The property market in Dubai remained favourable to tenants and buyers in July, with rents continuing to fall and prices in some locations still showing a down-trend.
The cost of renting flats across various communities registered an overall decline of 2 per cent last month compared to the same period in 2015, according to a real estate portal with thousands of property listings.
The average annual rent for studio apartments in Dubai stood at Dh57,000, down by 6 per cent from a year ago, but stable when compared to the average rent in the first six months of 2016.
The cost of renting one-bedroom residential units averaged Dh92,000 a year, registering a 7 per cent drop when compared to the average rent in the first half of 2016.
Two-bedroom apartments cost tenants Dh145,000 a year as of July, still cheaper by 3 per cent. No major cost adjustments were noted in the three-bedroom category, but bigger units posted a 2 per cent decline when compared to the average rental value in the first half of 2016.
“Overall, however, apartment rents were seen becoming more and more affordable, with a total downward adjustments in July of 2 per cent,” said Bayut in its latest analysis sent to Gulf News. The property portal, however, said that the average rental yield across all bed categories recorded an uplift of 5.6 per cent.
Also in July, apartment prices in some locations registered declines averaging 1.3 per cent when compared to the previous month.
The majority of the properties, particularly villas, however, saw no negative adjustments, while those in mid-affordable locations posted monthly increases of 1.1 per cent to 3.9 per cent, according to the July 2016 ValuStrat Price index.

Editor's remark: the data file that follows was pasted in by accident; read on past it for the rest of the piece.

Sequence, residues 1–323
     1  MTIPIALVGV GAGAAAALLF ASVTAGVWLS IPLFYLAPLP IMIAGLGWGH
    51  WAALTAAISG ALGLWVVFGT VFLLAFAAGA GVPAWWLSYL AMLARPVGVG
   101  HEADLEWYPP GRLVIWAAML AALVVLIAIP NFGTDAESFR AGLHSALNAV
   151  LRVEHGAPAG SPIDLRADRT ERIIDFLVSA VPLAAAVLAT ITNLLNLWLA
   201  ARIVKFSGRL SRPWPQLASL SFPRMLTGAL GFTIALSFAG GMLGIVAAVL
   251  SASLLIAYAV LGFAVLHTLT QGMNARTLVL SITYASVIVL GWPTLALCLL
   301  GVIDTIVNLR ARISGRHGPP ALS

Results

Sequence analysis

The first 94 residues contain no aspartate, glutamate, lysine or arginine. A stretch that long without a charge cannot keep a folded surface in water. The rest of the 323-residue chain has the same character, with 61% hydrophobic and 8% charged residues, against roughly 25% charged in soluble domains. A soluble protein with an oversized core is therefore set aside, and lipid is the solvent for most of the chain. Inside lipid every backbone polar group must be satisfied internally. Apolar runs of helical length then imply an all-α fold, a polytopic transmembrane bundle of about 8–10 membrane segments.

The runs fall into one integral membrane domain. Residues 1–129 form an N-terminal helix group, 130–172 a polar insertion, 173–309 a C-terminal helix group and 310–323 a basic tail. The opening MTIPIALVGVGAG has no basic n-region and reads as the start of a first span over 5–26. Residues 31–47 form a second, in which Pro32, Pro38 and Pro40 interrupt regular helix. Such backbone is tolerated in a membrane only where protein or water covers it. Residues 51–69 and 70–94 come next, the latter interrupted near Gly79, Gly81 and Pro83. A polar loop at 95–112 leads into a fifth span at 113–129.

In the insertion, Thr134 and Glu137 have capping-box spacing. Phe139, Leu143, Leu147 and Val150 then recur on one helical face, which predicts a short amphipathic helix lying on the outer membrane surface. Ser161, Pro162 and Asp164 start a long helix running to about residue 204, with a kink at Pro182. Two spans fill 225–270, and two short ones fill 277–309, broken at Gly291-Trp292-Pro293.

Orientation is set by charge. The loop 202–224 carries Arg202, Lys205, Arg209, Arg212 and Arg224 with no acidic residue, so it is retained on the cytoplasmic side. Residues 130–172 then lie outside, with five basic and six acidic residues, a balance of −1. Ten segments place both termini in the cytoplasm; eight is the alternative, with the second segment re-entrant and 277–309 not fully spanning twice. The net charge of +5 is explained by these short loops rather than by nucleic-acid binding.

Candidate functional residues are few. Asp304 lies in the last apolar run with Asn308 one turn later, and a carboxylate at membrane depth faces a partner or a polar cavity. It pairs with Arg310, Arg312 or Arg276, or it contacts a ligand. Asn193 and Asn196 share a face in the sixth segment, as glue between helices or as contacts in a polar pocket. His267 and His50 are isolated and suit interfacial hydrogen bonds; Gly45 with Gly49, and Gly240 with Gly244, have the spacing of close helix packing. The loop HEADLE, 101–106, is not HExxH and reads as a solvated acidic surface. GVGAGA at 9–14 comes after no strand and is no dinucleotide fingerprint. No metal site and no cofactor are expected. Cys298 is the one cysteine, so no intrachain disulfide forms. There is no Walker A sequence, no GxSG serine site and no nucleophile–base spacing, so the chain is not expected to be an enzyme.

The property market has been sluggish as a result of declining oil prices, softening of business activity and slowdown in recruitment and expansion plans of companies dependent on petrol revenues. The strong US dollar also rendered properties in the UAE more expensive for foreign buyers holding non-US dollar currencies.
The sector was earlier forecast to continue facing some headwinds in 2016, with property prices expected to drop by 10 per cent on average. However, the current popular sentiment seems to point to the market nearing its bottom.
“Rental prices are now in the phase of bottoming out [however] tenants still have the upper hand with more negotiating power,” said Ann Boothelo, senior product marketing manager for property at Dubizzle. She noted that in the bid to attract tenants, landlords in Dubai are offering competitive prices and letting tenants pay with three- or four-cheques, to avoid having vacant properties.
“The residential market is currently at a cyclical trough, having softened about 15 per cent since its peak in mid-2014. Providing there are no major external shocks over the rest of the year, we expect the Dubai residential market to recover in early 2017,” said JLL in its latest report.